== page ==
Helping to prepare Christmas dinner in Abidjan with a camel shaved into my head
God willing, this blog will turn two years old tomorrow, June 29th. It started as many travel blogs do — as a public journal for a trip of definite length. After two years, the trip does not have an end point and the blog has become much more than a home for travel narratives. There are fewer stories about my loose stools and more posts on language, music, dance, camel drawing, and recently, a growing restaurant and catering business that I started with two former couchsurfing hosts in Abidjan.
Things I’ve learned from running this blog
Despite the frenzy that occurred when I made professional grade camel drawing accessible to the public, this blog has relatively modest traffic. I don’t write posts that go viral (although a few continue to bounce around social media and tumblrs) and only a small number of very special folks arrive at this site via search engine. Most of them are looking to find information on women sleeping with snakes. That’s not a joke. Here are the most popular search terms for my site for the past year:
I actually know why that’s happening. I wrote a post in 2010 about a Ghallywood film in which a man tricked women into sleeping with snakes. I don’t even want to link to it as doing so may give more authority to the post with respect to Google’s wack algorithm. It does make me happy, however, to see that people are arriving at my site by searching for azonto and kenkey and fish.
There are the snake sex people, who most likely leave the site as soon as they find out I don’t actually have any human-reptile porn, and then there are a whole bunch of really cool folks that have become regular readers. The most important lesson I’ve learned in two years of running this thing is that a blog can be a real point of interaction. I’m not just talking about virtual relationships (which I also appreciate). I have met readers in real life, and many of them have become good friends. Thinking about the past two years without the people that I have met through this site and twitter is difficult.
Other things I’ve learned from running this blog:
– The most popular posts are short and itemized, but those posts also tend to attract the most fickle guests.
– A blog can serve as a portfolio of writing and media as well as an informal resume.
– A blog can produce an income or lead you to a place that will help you do so.
– Anyone can start or run a blog — they are very low-tech
– People appreciate big ideas, and will share them widely. Example: camel drawing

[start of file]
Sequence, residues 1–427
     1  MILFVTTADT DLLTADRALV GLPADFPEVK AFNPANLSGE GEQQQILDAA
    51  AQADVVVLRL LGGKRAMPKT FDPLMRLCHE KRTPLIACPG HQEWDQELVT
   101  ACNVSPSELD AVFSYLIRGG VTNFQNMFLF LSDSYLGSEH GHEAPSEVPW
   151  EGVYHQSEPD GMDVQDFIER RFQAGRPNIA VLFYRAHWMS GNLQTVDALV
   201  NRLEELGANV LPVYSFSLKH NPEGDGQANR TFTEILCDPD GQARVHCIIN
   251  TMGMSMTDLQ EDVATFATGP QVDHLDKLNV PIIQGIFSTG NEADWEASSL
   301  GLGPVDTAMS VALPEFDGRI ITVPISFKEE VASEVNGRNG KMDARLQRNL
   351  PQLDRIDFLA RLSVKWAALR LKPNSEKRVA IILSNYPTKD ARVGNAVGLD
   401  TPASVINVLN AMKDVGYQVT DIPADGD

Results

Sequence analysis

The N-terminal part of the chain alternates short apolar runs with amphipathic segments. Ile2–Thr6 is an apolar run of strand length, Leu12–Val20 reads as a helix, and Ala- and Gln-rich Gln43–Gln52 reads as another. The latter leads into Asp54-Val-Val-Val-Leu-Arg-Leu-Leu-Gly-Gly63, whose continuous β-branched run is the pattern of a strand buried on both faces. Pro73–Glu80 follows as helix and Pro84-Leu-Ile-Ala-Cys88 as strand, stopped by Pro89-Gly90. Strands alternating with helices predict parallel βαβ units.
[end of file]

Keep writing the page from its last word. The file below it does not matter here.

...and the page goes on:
– A blog can inspire many other projects
The decision to start this blog is right up there with the decision to live/travel in West Africa. Which is to say, it was a very good one.
Things I’ve learned from living and traveling in West Africa
Settlers of Catan is universally loved
I brought Catan to the village of Fana, Mali last year and it continues to see regular play. It didn’t take them long to pick it up either; to this day, I am in winless in Fana.
I can move my hips
To be honest, I think it would be hard not to learn how to dance if you spent a significant amount of your time in West Africa.
A grasscutter, also known as the Greater Cane Rat, is relatively good eating
So-called bush meat is not as widely eaten in West Africa as some people seem to think, but it’s around if you know where to look and it doesn’t taste half bad.
Camels are the most graceful and dependable animals on earth.
And that’s to say nothing of their ability to withstand environmental extremes.
I can communicate in French and Bambara
My French was decent a year ago, but it’s come a long way since. Not fluent, but getting there. I’m nowhere near fluent in Bambara, but I made a major breakthrough in the first half of this year. It’s all downhill once you can start thinking in a language.
Mangoes are the superior fruit
And don’t try to tell me that watermelons or strawberries or some other bullshit is better.
I know the exact moment when something catastrophic is going to happen to my bowels.
Also, you don’t need toilet paper if you have a plastic tea kettle filled with water. You do, however, need soap and more water afterwards…
You could drop me in Abidjan, Bamako, Accra, or a select number of villages in the countries where those cities are located, with no money or possessions, and I would be fine.
It’s a good feeling knowing that some people will take you in like family.
I can clean myself with half a bucket of water.
I have a shower at my bamako apartment and Faty recently put in a shower at her house in Abidjan, so I haven’t taken as many bucket showers this year, but I honed my skills in 2010-11.
Many ideas that seem crazy are not.
When David proposed sending lunch deliveries to the business district of Abidjan via bateau-bus (think public water taxi), I was skeptical. It was the cheapest way to get to Plateau, but it seemed inefficient and difficult to coordinate. I was wrong. We now have two delivery guys with wheeled push carts traveling by water taxi. On Monday, we fielded over 70 orders and had our biggest day yet.
This trip (or whatever you want to call it) is just getting started.
The West Africa trip, but also the more abstract trip blending life and “work” — bringing ideas to life, collaborating with people, getting my hands dirty with more than one project.
I would like to say that I have learned many other things — about the way people live, about politics, development, and power dynamics, about how different things are “there” compared to “here” — and I think that I have, but they wouldn’t fit into a post like this and they are almost impossible to pin down anyways.
I am heading back to West Africa in a couple of weeks. The trip, and this blog, continue.
And now for some dramatic closing music — you know, pleine d’émotion. Don’t be foolish and cut this off before the beat drops.
link to this classic Mali tune.